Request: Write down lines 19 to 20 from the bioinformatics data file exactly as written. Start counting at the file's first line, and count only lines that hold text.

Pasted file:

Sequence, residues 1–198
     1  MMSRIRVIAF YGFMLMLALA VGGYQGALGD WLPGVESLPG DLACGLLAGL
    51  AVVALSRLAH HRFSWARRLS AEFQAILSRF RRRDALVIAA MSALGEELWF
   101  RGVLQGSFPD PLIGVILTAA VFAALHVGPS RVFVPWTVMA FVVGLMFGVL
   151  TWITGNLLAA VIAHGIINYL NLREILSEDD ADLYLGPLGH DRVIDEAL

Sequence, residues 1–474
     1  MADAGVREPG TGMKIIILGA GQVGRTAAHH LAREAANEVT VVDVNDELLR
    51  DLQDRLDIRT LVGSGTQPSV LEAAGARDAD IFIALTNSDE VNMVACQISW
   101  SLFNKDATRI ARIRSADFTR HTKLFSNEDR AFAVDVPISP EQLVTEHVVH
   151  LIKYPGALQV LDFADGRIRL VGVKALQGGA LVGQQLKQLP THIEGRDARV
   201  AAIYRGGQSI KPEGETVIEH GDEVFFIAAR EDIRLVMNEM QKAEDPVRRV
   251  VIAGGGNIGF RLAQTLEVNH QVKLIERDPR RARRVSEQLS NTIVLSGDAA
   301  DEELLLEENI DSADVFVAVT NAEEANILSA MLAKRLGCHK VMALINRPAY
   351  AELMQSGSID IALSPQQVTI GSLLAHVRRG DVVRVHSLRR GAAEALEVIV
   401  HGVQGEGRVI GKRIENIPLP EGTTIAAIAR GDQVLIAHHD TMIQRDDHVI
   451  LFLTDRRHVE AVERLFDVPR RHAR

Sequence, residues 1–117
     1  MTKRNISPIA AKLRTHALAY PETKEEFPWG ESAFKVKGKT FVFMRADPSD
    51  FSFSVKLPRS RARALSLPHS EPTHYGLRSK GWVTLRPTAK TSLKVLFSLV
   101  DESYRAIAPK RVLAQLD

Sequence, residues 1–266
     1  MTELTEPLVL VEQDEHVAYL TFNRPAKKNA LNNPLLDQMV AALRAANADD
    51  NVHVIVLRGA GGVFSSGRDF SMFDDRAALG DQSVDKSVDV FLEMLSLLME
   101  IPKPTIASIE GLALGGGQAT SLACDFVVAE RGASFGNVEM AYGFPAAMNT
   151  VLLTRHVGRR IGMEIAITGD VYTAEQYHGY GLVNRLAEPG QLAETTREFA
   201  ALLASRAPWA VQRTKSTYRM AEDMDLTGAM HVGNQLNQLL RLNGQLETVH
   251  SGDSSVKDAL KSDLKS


    51  FSFSVKLPRS RARALSLPHS EPTHYGLRSK GWVTLRPTAK TSLKVLFSLV
   101  DESYRAIAPK RVLAQLD